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Carcinoma Stomach- Standard Treatment Guidelines

Carcinoma Stomach- Standard Treatment Guidelines

Carcinoma Stomach remains a common disease worldwide with dismal prognosis. It represents the fourth most common malignancy and the second leading cause of cancer related death. In Japan gastric cancer remains the most common type of cancer among men. Its incidence, however, has been declining globally since World War II. Gastric cancer is one of the least common cancers in North America. The incidence of proximal gastric cancer is on the increase while the distal gastric cancer is declining in North America. The five year survival rate of gastric carcinoma is low (10-20%).

Ministry of Health and Family Welfare, Government of India has issued the Standard Treatment Guidelines for Carcinoma Stomach.

Following are the major recommendations :

Case Definition

 Gastric Cancer refers to the malignant growth arising from the epithelial lining of the stomach. It is an aggressive tumor with vague early symptoms and spreads to the adjoining structures early in its course.

INCIDENCE IN INDIA

India falls in low incidence zone of gastric cancer. It is the fifth commonest cancer in males and seventh commonest in females in India. Age adjusted rate (AAR) of gastric cancer in six urban registries from India have reported the incidence 3.0-13.2/1,00,000 population which is lower to the world incidence of 4.1-15.5/1,00,000 population.

There is a regional variation in its incidence. It occurs four times more commonly in south India as compared to north India and also a decade earlier. Gastric cancer follows the global trend of declining incidence in India as well.

DIFFERENTIAL DIAGNOSIS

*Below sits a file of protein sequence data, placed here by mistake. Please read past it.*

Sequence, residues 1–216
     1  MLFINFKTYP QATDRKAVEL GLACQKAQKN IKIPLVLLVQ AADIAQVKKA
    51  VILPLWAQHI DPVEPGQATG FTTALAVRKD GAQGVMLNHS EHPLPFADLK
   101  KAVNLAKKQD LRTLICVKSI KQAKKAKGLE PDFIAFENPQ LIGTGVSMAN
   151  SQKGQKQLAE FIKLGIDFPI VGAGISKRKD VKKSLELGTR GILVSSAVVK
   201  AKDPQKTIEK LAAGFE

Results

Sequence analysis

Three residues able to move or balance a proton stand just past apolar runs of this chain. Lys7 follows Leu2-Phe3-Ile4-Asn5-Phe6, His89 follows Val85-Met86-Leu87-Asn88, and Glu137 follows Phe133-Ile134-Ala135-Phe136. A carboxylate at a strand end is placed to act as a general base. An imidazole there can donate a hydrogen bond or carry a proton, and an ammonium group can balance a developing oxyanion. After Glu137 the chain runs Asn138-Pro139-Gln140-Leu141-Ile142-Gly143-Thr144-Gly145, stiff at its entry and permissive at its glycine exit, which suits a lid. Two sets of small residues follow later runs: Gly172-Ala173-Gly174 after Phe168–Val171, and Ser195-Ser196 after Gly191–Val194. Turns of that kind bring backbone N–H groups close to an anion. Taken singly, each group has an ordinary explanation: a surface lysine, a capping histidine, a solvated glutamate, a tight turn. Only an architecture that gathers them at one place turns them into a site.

•Lower Esophageal Cancer

•Lower Esophageal Stricture

•Lower Esophagitis

•Gastric Ulcers

•Acute Gastritis

•Atrophic Gastritis

•Chronic Gastritis

•Bacterial Gastroenteritis

•Viral Gastroenteritis

•Non-Hodgkin Lymphoma

•Malignant Neoplasms of the Small Intestine

PREVENTION AND COUNSELING

Vast majority of Gastric Cancers are attributed to environmental factors, the most common being infection with Helicobacter Pylori. This organism has been found in almost 70% of the patients with Antral gastric cancer and is associated with nine fold increased risk of developing gastric cancer. Inoculation most likely occurs in childhood through the oro-fecal pathway and is transmitted from person to person.

Intake of certain food contents is also thought to be contributory; preserved diets with high salt contents, smoked foods and diets with low fresh fruits and vegetable contents have also been attributed to the increased incidence of gastric cancer.

Smoking and prolonged consumption of alcohol have also been attributed to the increased occurrence of gastric cancer. Better living standard, better dietary habits, eradication of Helicobacter Pylori infection, giving up of smoking and alcohol consumption may decrease the occurrence of gastric cancer.

1-3% of gastric cancers are associated with inherited gastric cancer predisposition syndromes. E-cadherin mutations occur in approximately 25% of families with an autosomal dominant predisposition to diffuse gastric cancers also called hereditary diffuse gastric cancer. This subset of persons may benefit from genetic counseling and prophylactic gastrectomy.

OPTIMAL DIAGNOSTIC CRITERIA, INVESTIGATIONS,TREATMENT & REFERRAL CRITERIA

Clinical Diagnosis

Clinical diagnosis of Gastric Cancer, like all other diseases is based on astute history taking and thorough physical examination.

There are no pathognomic symptoms of early gastric cancer; rather they are vague and non-specific often mimicking peptic ulcer disease. Commonest complaint is epigastric discomfort. Patient often present with Aneamia, weight loss (Aesthenia) and loss of appetite (Anorexia), early satiety and rarely upper GI bleed.

Physical examination of early gastric cancer is usually uninformative. In late stage they may present with palpable epigastric mass, cachexia, bowel obstruction, ascites and pedal oedema. In advance cancers peritoneal seedling may involve ovaries leading to Krukenberg tumor, pelvic cul-de-sac (Blumer’s shelf) palpable on digital rectal examination, left supra clavicular lymphadenopathy (Virchow node), left anterior axillary lymphadenopathy (Irish’s node) or a periumbilical lymph node(Sister Mary Joseph node).